*Written several days ago, on the road to Chicago.

I think it’s because for miles (1,011 to be more precise, with the exception of the I-670 bypass in Kansas City), I’ve been driving through either garbage BLM land; hay fields; or barren, winter corn and soybean plots. But when the brown of upturned soil began to give way to the beige of concrete buildings/sidewalks, it al felt wrong. And when I stepped out of the hermetical seal of my car to pump gas just south of Joliet, I felt the strong wind, which is a natural component of Chicago weather, but which signalled to me now the abnormality of this city – Chicago – an aberration in this land that is supposed to be just fields, even though the windiness is probably an artifact of the jet stream and the Lake and has existed since well before the city.

Still, it all felt and looked strange and reminded me how I did not want to be there. How three days earlier I’d smelled the salt of the Pacific Ocean, two days earlierI’d heard the crunch of Christmas snow under my tires in Flagstaff, and one day earlier I’d bid farewell to any mountains and said hello to miles and miles of fields. And now the suburban concrete jungle of Chicagoland.

I find myself singing Gazebo’s “I Don’t Want To Be Here” in my head. Why did I now “hate” Chicago? Since I’d left it for the West Coast a little over a month ago? Since it became Winter? Since I’d had to return to take care of my father who’d recently been diagnosed with cancer?

Yeah, probably that last one. Driving 10+ hours a day is always difficult, but it seems like if the destination is fun or exciting it can make the journey so as well. But when the destination is uncertainty and difficulty, the journey can’t be expected to be much different.

Four days of self-psychoanalysis between bouts of listening to audiobooks and Spotify playlists and I think I’ve come to realize: I don’t want to be here because I don’t want to be here. I want to be here for my Dad, but every other part of my psyche wants to be elsewhere: driving up the Pacific Coast Highway camping out in state beaches, teaching science to kids in the great outdoors, kayaking in Puget Sound, going to concerts in Seattle or San Francisco, things I’d envisioned since before returning to Taiwan in August.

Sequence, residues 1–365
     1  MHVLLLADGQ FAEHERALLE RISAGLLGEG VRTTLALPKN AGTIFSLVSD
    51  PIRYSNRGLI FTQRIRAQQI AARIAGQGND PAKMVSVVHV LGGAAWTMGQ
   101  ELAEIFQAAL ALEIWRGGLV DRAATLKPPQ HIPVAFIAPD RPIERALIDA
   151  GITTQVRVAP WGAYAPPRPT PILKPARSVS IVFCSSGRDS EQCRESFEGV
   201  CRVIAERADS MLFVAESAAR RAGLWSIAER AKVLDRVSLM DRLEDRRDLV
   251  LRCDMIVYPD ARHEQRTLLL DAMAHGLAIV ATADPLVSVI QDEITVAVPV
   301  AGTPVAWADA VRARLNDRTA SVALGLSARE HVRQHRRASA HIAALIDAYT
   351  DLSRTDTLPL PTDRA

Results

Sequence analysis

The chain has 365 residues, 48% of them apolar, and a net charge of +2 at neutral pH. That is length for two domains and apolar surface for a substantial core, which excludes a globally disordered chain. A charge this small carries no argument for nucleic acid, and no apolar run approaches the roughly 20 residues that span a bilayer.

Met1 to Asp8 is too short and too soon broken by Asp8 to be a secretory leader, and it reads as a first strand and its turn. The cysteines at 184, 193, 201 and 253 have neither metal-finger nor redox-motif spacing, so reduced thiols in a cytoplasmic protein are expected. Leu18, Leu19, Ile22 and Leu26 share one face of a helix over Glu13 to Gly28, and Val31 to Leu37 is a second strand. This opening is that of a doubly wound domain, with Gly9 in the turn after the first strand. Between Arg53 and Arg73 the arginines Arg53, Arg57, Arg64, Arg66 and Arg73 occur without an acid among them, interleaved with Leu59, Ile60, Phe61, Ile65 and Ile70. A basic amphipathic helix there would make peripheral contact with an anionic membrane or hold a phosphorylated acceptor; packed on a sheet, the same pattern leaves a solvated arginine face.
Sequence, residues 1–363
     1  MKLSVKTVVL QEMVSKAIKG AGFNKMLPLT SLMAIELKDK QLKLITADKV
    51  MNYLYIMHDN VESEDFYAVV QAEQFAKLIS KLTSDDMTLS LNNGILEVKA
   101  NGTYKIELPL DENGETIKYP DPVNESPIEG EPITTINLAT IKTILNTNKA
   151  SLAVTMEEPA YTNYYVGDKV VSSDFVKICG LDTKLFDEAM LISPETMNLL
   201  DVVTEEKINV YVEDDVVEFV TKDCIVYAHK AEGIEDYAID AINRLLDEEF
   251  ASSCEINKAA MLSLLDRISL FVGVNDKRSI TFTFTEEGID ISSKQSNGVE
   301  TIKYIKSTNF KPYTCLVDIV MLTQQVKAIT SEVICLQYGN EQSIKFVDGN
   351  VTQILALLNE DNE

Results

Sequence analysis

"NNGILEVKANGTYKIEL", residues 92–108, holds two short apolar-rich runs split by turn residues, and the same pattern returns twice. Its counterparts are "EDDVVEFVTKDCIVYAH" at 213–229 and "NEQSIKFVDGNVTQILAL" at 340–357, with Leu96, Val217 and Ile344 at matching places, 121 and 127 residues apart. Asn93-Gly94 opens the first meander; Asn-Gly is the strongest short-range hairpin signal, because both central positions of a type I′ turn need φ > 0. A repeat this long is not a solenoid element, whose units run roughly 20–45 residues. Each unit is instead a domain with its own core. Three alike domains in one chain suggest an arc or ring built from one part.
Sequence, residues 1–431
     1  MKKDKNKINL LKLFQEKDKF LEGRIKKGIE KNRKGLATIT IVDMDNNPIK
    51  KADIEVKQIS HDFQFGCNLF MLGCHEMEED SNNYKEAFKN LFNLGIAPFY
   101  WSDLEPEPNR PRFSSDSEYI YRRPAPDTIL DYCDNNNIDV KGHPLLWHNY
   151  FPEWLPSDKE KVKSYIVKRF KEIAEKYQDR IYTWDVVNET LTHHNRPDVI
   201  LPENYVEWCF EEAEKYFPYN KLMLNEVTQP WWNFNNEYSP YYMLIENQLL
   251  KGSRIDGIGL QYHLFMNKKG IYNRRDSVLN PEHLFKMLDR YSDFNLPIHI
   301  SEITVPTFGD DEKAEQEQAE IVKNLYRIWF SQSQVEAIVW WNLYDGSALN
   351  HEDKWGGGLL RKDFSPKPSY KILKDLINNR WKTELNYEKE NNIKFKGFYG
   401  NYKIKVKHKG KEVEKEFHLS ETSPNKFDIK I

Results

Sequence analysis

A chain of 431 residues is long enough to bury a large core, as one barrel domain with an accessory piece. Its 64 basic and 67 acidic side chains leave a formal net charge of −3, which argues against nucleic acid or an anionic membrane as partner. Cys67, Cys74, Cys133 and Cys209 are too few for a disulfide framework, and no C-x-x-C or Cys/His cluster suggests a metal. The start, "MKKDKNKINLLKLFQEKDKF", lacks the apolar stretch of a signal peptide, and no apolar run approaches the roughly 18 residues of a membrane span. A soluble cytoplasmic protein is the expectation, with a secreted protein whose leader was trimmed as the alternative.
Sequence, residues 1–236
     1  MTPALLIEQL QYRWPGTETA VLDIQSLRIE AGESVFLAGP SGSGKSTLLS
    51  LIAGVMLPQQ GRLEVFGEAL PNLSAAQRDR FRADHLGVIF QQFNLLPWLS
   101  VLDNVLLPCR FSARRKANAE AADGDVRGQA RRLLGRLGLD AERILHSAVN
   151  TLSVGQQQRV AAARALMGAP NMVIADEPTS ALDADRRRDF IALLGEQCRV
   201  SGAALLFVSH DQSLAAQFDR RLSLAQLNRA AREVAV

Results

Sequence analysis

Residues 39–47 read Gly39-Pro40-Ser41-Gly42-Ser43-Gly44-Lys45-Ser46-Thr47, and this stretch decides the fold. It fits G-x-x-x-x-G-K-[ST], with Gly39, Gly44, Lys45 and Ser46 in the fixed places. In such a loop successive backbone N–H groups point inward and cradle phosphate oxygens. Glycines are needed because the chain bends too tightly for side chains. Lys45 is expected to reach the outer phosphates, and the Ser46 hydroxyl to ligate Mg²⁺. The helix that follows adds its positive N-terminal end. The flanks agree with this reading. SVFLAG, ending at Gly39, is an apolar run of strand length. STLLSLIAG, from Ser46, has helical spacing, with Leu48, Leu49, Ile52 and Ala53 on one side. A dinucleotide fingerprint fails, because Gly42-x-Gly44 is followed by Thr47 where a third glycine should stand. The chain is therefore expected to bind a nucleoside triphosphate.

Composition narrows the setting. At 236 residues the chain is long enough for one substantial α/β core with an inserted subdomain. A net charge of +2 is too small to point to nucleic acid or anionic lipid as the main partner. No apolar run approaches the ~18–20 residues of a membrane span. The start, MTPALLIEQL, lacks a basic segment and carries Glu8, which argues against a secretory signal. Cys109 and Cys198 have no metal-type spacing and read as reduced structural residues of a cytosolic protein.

But I’m not an idiot – I know plans change often. I just think this one – my Dad’s cancer diagnosis – is so outside the realm of events in my life history thus far, so as to allow me to be frustrated. I wrote in my journal several nights ago how I’m not stranger to juggling commitments and opportunities, feeling overwhelmed by the amount of work and/or decisions needing to be done and/or made. I know how it feels to have “many balls in the air” and, while I don’t like it, I know eventually the balls will fall and it’s happened enough that I know what to expect. I’m comfortable with the outcome, be it the balls falling in my hands or to the ground.

This new scenario is not balls in the air. It is being shoved out of an airplane with no parachute. There are no choices to be made. There are no opportunities to pursue. I am falling, clutching air by the fistfulls, gasping for oxygen as streams of it whip past my open mouth*.

*Have you ever jumped out of a plane? I have. I did it after I finished all my academic requirements senior year of college and had no life plan. Literally. I thought this would be the perfect time to jump out of a plane because if something did go wrong at least I’d finished everything I’d set out to do with my life. It was May 2014 and I had no job lined up for after graduation in June. No graduate school. I hadn’t signed up for the MCAT. All I’d envisioned was driving West, staying with family and friends, while trying to figure out what was next for me. (That “dream” was cut short by the Taiwan job offer I got and accepted. November 2017 would be the exact same process of Westward and self exploration – a katabasis – that would be cut short by Dad’s cancer diagnosis.) Anyway, I was not afraid to jump out of the plane. And for the first few seconds of the minute of freefall, I realized I could not breath what with the wind whipping so rapidly, or rather, with my face cutting through the air molecules such that the oxygen couldn’t possibly be sucked into my lungs. Instead I screamed in order to force all the air out of my lungs in order to draw in the tiniest breaths.